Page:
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a MS. in the nature of a Play or Interlude, intitled the Booke of Sir Thomas Moore.

And in fact there is such an old anonymous play in Mr. Pope's list: "A pleasant conceited history, called, the Taming of a Shrew-sundry times acted by the earl of Pembroke his servants." Which seems to have been republished by the remains of that company in 1607, when Shakspeare's copy appeared at the BlackFriars or the Globe.-Nor let this seem derogatory from the character of our poet. There is no reason to believe that he wanted to claim the play as his own; for it was not even printed till some years after his death; but he merely revived it on his stage as a

manager.

In support of what I have said relative to this play, let me only observe further at present, that the author of Hamlet speaks of Gonzago, and his wife Baptista; but the author of the Taming of the Shrew knew Baptista to be the name of a man. Mr. Capell indeed made me doubt, by declaring the authenticity of it to be confirmed by the testimony of Sir Aston Cockayn. I knew Sir Aston was much acquainted with the writers immediately subsequent to Shakspeare; and I was not inclined to dispute his authority but how was I surprised, when I found that Cockayn ascribes nothing more to Shakespeare, than the Induction-Wincotale and the Beggar! I hope this was only a slip of Mr. Capell's FARMER.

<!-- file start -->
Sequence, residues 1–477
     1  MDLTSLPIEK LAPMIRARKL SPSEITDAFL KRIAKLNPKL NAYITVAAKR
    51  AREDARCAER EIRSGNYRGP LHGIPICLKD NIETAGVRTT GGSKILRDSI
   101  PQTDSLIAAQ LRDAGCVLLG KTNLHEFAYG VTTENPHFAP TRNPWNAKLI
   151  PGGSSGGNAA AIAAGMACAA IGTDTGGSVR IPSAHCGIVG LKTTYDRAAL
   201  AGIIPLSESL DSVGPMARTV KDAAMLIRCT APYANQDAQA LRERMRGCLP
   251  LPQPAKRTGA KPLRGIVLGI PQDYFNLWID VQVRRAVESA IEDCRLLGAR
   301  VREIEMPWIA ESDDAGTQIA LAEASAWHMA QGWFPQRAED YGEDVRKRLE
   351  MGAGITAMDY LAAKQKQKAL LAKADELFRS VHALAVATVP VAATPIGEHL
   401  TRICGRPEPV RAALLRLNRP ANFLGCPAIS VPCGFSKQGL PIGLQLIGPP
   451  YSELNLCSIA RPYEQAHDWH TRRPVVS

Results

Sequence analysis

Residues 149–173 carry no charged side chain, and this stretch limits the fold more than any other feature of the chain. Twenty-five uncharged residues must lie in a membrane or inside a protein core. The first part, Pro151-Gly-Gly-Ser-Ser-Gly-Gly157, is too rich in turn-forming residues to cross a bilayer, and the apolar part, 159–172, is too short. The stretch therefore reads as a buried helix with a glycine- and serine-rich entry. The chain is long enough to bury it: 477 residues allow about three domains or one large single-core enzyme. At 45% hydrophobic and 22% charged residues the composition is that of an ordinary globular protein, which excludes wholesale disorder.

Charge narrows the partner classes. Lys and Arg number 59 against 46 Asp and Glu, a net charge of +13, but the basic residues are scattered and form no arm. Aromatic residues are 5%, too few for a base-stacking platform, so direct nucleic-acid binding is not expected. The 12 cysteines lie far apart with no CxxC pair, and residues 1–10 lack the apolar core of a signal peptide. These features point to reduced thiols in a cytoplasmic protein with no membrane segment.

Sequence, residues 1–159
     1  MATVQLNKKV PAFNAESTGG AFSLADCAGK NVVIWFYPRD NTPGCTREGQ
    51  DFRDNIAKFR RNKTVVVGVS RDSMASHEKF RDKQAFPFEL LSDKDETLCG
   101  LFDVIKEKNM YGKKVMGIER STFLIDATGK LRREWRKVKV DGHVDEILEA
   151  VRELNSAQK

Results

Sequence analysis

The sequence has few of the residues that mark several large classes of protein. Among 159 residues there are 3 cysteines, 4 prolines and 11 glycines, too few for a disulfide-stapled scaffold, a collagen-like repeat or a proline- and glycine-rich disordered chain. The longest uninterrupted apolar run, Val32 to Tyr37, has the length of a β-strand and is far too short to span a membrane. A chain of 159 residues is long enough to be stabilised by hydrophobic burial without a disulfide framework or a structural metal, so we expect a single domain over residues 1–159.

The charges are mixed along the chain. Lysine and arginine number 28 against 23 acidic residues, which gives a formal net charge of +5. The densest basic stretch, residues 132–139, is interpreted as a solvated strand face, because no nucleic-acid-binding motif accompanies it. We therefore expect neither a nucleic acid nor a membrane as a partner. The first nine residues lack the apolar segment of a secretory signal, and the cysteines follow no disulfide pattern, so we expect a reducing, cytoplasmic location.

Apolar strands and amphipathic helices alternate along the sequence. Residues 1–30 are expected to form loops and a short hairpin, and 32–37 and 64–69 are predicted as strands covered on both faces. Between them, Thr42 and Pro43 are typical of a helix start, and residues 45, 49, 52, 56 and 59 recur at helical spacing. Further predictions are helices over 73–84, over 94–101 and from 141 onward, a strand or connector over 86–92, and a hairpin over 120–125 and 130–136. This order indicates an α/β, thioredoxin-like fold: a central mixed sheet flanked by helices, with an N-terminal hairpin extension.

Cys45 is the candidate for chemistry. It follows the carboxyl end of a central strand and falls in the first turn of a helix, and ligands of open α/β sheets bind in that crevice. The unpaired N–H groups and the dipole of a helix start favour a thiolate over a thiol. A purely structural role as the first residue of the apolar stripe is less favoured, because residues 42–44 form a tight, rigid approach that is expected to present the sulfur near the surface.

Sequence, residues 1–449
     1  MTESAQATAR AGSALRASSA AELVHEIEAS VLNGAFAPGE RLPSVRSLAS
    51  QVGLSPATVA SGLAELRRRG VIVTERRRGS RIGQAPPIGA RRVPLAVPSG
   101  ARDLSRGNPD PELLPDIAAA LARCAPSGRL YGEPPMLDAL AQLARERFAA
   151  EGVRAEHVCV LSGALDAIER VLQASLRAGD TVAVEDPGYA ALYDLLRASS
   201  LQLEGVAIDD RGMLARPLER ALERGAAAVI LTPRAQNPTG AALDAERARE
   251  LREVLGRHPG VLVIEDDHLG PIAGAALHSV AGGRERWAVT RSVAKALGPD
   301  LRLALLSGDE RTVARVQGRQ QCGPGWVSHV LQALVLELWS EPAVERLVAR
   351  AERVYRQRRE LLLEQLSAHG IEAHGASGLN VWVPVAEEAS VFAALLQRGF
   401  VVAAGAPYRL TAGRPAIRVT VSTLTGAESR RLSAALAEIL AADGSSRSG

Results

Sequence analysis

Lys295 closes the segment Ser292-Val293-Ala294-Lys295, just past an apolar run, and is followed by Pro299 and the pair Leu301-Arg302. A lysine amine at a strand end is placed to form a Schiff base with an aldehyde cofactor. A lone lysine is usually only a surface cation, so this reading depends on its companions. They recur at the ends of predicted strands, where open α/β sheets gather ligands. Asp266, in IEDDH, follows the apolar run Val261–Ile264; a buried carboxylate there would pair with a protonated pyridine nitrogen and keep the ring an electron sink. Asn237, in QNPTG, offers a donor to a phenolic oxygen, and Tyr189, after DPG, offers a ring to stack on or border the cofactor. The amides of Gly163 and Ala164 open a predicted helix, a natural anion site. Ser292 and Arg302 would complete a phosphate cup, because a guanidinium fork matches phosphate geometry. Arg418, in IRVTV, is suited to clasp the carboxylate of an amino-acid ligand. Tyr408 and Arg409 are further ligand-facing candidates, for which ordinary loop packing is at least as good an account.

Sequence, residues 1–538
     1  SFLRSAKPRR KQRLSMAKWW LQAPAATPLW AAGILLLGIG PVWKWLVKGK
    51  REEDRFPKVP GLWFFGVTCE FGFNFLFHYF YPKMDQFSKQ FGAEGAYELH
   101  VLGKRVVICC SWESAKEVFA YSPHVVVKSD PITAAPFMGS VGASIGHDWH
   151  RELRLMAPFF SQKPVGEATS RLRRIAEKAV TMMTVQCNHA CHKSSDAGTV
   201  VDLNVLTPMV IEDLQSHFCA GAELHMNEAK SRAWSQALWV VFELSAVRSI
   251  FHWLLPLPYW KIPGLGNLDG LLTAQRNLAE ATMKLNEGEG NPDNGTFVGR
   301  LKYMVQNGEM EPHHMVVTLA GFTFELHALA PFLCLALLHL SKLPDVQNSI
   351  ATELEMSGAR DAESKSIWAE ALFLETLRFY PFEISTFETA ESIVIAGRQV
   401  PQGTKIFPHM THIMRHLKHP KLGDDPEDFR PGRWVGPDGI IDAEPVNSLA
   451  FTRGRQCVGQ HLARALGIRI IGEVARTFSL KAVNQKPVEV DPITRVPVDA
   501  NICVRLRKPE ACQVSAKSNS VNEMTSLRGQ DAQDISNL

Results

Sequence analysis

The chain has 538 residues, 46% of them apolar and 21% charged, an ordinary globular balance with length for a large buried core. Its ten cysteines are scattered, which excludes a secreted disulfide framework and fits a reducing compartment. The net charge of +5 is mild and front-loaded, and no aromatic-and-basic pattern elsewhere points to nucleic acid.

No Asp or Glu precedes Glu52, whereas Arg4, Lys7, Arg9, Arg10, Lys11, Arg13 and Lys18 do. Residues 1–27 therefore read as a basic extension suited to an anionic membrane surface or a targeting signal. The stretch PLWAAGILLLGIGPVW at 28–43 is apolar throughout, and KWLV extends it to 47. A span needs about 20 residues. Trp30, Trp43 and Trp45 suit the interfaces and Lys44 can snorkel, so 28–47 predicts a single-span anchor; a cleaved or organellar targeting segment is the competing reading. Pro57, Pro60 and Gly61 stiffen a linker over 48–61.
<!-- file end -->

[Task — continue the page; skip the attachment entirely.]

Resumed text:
:

memory.

Of this play the two plots are so well united, that they can hardly be called two without injury to the art with which they are interwoven. The attention is entertained with all the variety of a double plot, yet is not distracted by unconnected incidents.

The part between Catharine and Petruchio is eminently spritely and diverting. At the marriage of Bianca the arrival of the real father, perhaps, produces more perplexity than pleasure. The whole play is very popular and diverting. JOHNSON.

A story very similar to the Taming of the Shrew is to be found in the Tatler, Vol. iv, No. 231, the plot of which was evidently borrowed from this play of our author, though it is pretended to have been a real transaction in Lincolnshire.